Women get X DNA from both their parents. The odd part is that sometimes those chromosomes recombine just like regular 1-22 chromosomes do. Sometimes, they don’t. There doesn’t appear to be any hard and fast rule.
The graphic below will illustrate my point.
This is a list of my closest X DNA matches ona website called gedmatch. (I’ll cover that in another post) I have two different DNA profiles on gedmatch so the first match is to myself – a full 196.1 cM. My youngest sister is my next closest match. She and I share 78.2 cM of X DNA. That means she got 314.0 cM of X DNA from my father and only 78.2 from my mom.
My middle sister Pam was even stranger. She had three children – all males. So her X DNA should have been passed down to her children un-recombined. In theory, all three of her children should share the exact same amount of X DNA with me. Nope. Two out of the three do – at 23.5 cM. Her youngest son, however, matches me at 37.9 cM. Very weird. The other thing you’ll notice is that there are 11 other matches up there that share roughly as much X DNA as my nephews do. None of these people are close cousins – the closest is estimated to be 4 generations until we hit a common ancestor. As I said, X is weird.
The bottom line for me is that I use X DNA for one thing and one thing only – it lets me know for sure that the match is on my mother’s line. If you’d like to know more about X DNA and its weirdness, Roberta Estes has an excellent genealogy blog. Here are two of her articles about X DNA.
What about mitochondrial DNA?
“Although most DNA is packaged in chromosomes within the nucleus, mitochondria also have a small amount of their own DNA. This genetic material is known as mitochondrial DNA or mtDNA.
Mitochondria (illustration) are structures within cells that convert the energy from food into a form that cells can use. Each cell contains hundreds to thousands of mitochondria, which are located in the fluid that surrounds the nucleus (the cytoplasm).” from – mtDNA Basics from NIH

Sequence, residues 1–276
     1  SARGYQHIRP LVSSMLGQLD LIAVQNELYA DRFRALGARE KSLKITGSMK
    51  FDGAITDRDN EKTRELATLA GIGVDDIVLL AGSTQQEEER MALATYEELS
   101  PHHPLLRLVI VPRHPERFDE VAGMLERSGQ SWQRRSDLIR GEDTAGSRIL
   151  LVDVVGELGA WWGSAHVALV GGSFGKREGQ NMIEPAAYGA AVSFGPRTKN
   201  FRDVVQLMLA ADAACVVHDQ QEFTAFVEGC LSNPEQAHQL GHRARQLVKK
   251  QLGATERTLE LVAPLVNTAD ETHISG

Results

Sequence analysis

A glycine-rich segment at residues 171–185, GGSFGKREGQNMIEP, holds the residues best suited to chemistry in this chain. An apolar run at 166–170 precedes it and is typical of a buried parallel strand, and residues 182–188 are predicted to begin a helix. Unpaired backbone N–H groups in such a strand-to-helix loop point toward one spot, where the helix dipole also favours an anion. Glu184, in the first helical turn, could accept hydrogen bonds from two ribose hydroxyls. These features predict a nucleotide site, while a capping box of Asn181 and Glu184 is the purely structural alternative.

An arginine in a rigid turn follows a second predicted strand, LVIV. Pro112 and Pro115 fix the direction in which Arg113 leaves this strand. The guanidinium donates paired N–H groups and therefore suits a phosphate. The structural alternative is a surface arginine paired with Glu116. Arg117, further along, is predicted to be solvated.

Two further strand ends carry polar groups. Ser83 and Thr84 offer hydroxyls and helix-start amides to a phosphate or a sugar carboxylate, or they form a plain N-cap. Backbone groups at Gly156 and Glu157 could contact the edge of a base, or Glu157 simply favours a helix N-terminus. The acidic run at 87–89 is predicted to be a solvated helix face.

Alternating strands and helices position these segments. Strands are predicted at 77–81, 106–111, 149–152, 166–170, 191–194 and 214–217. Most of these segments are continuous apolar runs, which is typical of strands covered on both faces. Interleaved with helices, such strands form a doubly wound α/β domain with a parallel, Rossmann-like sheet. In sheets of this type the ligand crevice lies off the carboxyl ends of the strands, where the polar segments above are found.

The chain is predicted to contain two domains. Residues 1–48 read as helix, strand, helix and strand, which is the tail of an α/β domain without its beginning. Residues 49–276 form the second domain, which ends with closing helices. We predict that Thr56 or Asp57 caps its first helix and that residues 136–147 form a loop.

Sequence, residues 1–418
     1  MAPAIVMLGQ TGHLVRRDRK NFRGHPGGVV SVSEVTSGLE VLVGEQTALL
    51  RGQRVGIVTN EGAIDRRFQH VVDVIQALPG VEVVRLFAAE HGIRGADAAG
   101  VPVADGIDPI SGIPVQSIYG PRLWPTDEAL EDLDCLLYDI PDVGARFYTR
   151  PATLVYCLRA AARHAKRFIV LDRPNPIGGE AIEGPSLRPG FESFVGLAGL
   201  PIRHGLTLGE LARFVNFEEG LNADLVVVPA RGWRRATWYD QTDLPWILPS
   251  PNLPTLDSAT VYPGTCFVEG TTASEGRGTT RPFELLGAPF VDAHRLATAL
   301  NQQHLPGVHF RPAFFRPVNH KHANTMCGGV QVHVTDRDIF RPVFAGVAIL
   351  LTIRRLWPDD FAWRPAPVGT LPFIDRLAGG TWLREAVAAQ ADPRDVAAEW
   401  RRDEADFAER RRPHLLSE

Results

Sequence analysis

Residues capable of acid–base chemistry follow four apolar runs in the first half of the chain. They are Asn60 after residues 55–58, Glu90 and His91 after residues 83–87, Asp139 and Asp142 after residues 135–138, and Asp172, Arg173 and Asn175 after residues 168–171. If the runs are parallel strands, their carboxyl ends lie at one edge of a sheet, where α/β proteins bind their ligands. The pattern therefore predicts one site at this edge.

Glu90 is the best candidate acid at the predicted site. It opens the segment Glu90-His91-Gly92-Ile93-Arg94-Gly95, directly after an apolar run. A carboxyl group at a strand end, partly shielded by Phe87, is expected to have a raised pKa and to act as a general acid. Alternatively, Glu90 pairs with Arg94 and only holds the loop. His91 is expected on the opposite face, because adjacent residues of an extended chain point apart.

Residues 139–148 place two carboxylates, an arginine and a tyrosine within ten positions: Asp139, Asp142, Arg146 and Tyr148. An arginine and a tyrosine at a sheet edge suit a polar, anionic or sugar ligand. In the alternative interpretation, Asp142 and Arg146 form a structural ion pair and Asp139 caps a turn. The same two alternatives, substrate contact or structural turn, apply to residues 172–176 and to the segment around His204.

Mitochondrial DNA is only passed on to children by their mother. The difference is that women pass mtDNA to both their sons and daughters. Since only women pass on their mitochondrial DNA, it allows us to trace the female lineage much like we do with males and the Y DNA. The problem is that each generation, the surnames change. Add to that fact, mtDNA is less specific at the haplogroup level (requires coding regions to narrow down) and you have a fairly blunt tool to use for genealogy. I’ve looked at mine and the earliest known female ancestor I have is potentially Martha Perrin born in Henrico, VA in 1694. In my list of matches, there isn’t a single surname that is in common with me. The closest match I have on FTDNA has as his earliest known female ancestor a lady that was born in Virginia in 1810. The next 7 or 8 next closest matches I have list no female ancestors. Only slightly more than 50% of my mtDNA matches even list a female ancestor and most don’t go back past about 1800. For me, I use the female haplogroup for overall migration patterns and that’s about it. Earlier in this post, I linked to Roberta Estes blog. She has some hints on using mitochondrial DNA and how to chart it all out.
My next post, I’ll cover the major testing companies and options out there.